Every so often I receive letters from readers asking for background information on particular features of Hooting Yard. My usual practice is to ignore such enquiries and stuff them into a cardboard box, and to shove the cardboard box into a dark cranny. But sometimes I feel impelled to shine a torch into the cranny, to rummage in the cardboard box, to take out one among the mouldering scraps of paper, and to give it due attention. There is no particular method in my choosing, though a letter written neatly and grammatically on scented notepaper headed with a heraldic device, however spurious, is likely to win out over a scribble on a torn bit of breakfast cereal carton stained with grease. You may wish to make a note of that in your pocketbook for future reference. Elsewhere I will provide some tips on drawing spurious yet strangely compelling heraldic devices for your letterhead, but there is no time for that now.
The letter I have just retrieved from the cranny is pithy, even curt. Oi Mr Key, it says, How did the Cow & Pins get its name? And that’s it. It is not even signed! But the handwriting is exquisite, and done in mauve ink on lime-green tissue paper, scented with bergamot, or what smells like bergamot to my untrained nostrils, and there is a simply fabulous hand-drawn heraldic device, now somewhat faded, for god knows how long the letter has been squirreled away, in which I can make out a cassowary rampant, a snow shovel, and six buttons gules.
Readers will recall, I hope, that the Cow & Pins is the finest tavern in existence, albeit something of a hellhole and a sink of vice. It is many long years since I sat in its snug, but if I shut my eyes and concentrate, I can imagine myself there, in the gloom, with that telltale sense of befuddlement at the way in which, yet again, a scattering of sawdust from the floor is floating atop the froth of my pint. Ah, such dejection in the fug!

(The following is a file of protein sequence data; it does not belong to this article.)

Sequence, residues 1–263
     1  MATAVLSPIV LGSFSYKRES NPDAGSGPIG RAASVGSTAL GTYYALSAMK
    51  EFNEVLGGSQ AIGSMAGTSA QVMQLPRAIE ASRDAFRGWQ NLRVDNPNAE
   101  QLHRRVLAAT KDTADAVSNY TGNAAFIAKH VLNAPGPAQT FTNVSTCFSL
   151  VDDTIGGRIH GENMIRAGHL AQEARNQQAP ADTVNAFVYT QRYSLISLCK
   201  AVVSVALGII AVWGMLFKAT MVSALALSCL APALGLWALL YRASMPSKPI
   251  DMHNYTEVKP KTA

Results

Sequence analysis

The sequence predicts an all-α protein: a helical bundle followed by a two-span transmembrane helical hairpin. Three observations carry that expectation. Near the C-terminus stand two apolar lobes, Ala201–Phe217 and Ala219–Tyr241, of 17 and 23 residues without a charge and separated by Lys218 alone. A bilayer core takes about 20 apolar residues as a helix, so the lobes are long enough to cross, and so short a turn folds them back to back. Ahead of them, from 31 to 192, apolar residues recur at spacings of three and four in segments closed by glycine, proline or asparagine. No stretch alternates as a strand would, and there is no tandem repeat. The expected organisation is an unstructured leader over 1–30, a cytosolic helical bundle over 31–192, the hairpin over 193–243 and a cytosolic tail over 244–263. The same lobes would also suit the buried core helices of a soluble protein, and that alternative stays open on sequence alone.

One of the reasons this letter would have been consigned to the cranny is, I am embarrassed to say, that I have absolutely no idea why the Cow & Pins is called the Cow & Pins. The best I can do, now, is to repeat the story I heard from an old bloated barnyard behemoth with whom I used to sit, sometimes, of an evening, at the bench outside the tavern, tossing breadcrumbs to crows, under a thunderous sky.
He told me that the Weird Woman of Woohoodiwoodiwoo once took a dislike to a certain cow that chewed the foxgloves or lupins she grew in flowerpots outside her cave. How or why this cow wandered away from its fellows was not explained. It may even have been different cows on different days. The Weird Woman of Woohoodiwoodiwoo was celebrated, and feared, for her spooky eldritch powers, but no one ever claimed that she had great expertise in farmyard animal identification skills. Be that as it may, she satisfied herself that a single cow was causing the depredation of her foxgloves, or possibly lupins, and reacted in a tiresomely predictable way. That’s right, she cast a spell on the cow. What else would you expect of the Weird Woman of Woohoodiwoodiwoo?
She gathered much wax, and moulded it into an effigy of a cow, double the size of any cow that ever lived, and stuck it with thousands of pins from her big crate of cursed pins. Then she babbled imprecations and incantations in her usual harsh hissing way.
We do not know if any calamity befell the cow, or cows, as a result. But according to the old bloated barnyard behemoth, the tavern outside which we sat chucking breadcrumbs to crows was built over the field where once the cows had grazed.
I am not convinced by this story. It would make more sense if the tavern was on the spot where the Weird Woman of Woohoodiwoodiwoo’s flowerpots had stood, bursting with foxgloves or lupins, in serried ranks outside her cave. In the absence of any other explanation, however, it will have to do. And now I can put the letter back in the cardboard box in the dark cranny, and forget about it forever.